Unexpectedly more complex than I’d assumed —
Dry notes: Sour, malt, raisins, walnuts
Wet Notes: Damp earth, wool, lightly smokey
Finish: Dark and dry
“Unexpectedly more complex than I’d assumed — Dry notes: Sour, malt, raisins, walnuts Wet Notes: Damp earth, wool, lightly smokey Finish: Dark and dry” Read full tasting note
“Here is another sample sipdown. I greatly enjoyed the most recent release of Verdant’s Fo Shou and did not want to close out the month without trying the reserve version. Like most of the reserve...” Read full tasting note
“Delicate and light, wonderful nose with nutmeg, fig, honey, slightly roasted notes. Palate honey, light lychee and floral notes with licorice candy lingering on the back of the palate, cedar, and...” Read full tasting note
Fo Shou, or “Buddha’s Hand,” varietal has uniquely large, long beautiful leaves. This reserve harvest is a selection of fine early spring leaves cultivated in the Li Family tea garden along the Longchuan gorge within the Wuyi Ecological Preserve. Each leaf is carefully hand-picked and finished in bamboo baskets over wood embers. Fo Shou varietal is particularly juicy and full of temple-like incense aromatics. The reserve harvest shows off the best of the varietal while pairing the Fo Shou profile with the cooling tingling ‘yun’ sensation that only the finest teas evoke.
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Here is another sample sipdown. I greatly enjoyed the most recent release of Verdant’s Fo Shou and did not want to close out the month without trying the reserve version. Like most of the reserve releases of Verdant’s seasonal teas, this one is crafted from older bushes and is designed to highlight the differences between older and younger plants. Normally, I find the reserve releases to be smoother, softer, subtler, and presenting different flavors than the regular releases. That was definitely true here.
I prepared this tea gongfu style. After a quick rinse, I steeped 5 grams of loose tea leaves in 4 ounces of 208 F water for 10 seconds. I followed this infusion up with 13 additional infusions. Steep times for these infusions were as follows: 12 seconds, 15 seconds, 20 seconds, 25 seconds, 30 seconds, 40 seconds, 50 seconds, 1 minute, 1 minute 15 seconds, 1 minute 30 seconds, 2 minutes, 3 minutes, and 5 minutes.
Prior to the rinse, a sniff of the dry tea leaves revealed aromas of cinnamon, aloeswood, cedar, pipesmoke, citrus, and licorice. After the rinse, aromas of char, lotus, and fig became apparent. The citrus aroma also became considerably more powerful. At first it reminded me of bergamot, but further investigation revealed it to be more like pomelo. The first infusion produced a similar aroma. I caught a hint of tobacco this time around. In the mouth, mild notes of char, fig, pipesmoke, cedar, tobacco, pomelo, and aloeswood combined with hints of lotus, red licorice, and cinnamon on the finish. Subsequent infusions steadily grew softer and more mellow. I did not find that the aroma changed considerably (the weather had become colder throughout the day and my sinuses were beginning to drain by the time I started this session), but I could detect emerging notes of wildflower honey, roasted grain, nutmeg, and juniper in the mouth. A subtle mineral presence was also evident. The later infusions quickly peeled back the layers of woody, shrubby, herbal, honeyed, and smoky flavors, leaving a razor thin wash of minerals, pomelo, roasted grain, and extremely light lotus character before a mix of cinnamon, nutmeg, and red licorice took over on the finish. The impression left in the mouth was of a duel between alternating prickly and cooling sensations.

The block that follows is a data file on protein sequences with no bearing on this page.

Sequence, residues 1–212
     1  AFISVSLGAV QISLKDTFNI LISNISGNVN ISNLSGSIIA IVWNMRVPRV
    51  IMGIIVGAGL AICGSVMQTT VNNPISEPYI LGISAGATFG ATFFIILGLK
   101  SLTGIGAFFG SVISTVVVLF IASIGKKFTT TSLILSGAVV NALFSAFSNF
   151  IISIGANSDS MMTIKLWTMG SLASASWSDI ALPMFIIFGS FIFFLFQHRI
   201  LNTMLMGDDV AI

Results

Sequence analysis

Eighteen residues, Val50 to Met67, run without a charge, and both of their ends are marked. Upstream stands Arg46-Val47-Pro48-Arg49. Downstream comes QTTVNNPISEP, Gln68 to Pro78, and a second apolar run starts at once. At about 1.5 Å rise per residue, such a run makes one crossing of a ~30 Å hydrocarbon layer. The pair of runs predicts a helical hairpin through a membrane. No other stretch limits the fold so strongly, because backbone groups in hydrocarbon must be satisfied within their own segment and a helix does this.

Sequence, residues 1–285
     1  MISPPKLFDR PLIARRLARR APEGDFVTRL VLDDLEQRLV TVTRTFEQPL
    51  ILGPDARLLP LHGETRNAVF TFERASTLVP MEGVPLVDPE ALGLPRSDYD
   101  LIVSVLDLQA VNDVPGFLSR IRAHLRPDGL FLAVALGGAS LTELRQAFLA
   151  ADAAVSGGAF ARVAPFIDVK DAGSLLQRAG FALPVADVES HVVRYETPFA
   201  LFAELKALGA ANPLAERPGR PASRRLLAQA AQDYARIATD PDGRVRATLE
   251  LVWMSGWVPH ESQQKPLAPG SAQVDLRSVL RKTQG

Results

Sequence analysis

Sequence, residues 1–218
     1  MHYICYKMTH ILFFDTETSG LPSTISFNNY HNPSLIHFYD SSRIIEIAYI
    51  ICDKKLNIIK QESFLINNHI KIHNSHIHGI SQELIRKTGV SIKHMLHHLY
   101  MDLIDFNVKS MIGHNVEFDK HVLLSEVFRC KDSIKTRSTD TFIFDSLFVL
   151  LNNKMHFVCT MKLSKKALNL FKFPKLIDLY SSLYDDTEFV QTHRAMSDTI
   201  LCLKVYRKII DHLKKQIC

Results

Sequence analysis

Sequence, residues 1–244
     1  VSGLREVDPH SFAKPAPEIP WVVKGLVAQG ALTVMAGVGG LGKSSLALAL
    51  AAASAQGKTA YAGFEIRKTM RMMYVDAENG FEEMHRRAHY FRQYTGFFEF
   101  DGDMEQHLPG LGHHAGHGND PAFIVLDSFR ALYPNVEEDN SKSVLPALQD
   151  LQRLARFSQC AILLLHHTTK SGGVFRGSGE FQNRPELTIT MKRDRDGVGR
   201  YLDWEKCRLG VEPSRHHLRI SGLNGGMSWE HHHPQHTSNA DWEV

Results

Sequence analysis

The flavor faded fast in this one, but what an impression those first 4-5 infusions made! Even after most of the tea’s complexity was stripped away, the effect it left in my mouth was indescribable, yet very satisfying. Compared to the regular Fo Shou, this was somehow simultaneously a smoother, spicier tea that faded a little faster than one would expect, though it still managed to capture the fascinating temple incense aromatics and unique blend of earthy, woody, fruity, and spicy flavors one would expect of a good Fo Shou. If you do not mind a tea that peaks early and fades fast while leaving an absolutely euphoric afterglow and pleasant tingling sensations in the mouth and throat long after it has peaked, look no further.
Flavors: Cedar, Char, Cinnamon, Citrus, Fig, Floral, Grain, Honey, Licorice, Nutmeg, Smoke, Tobacco, Wood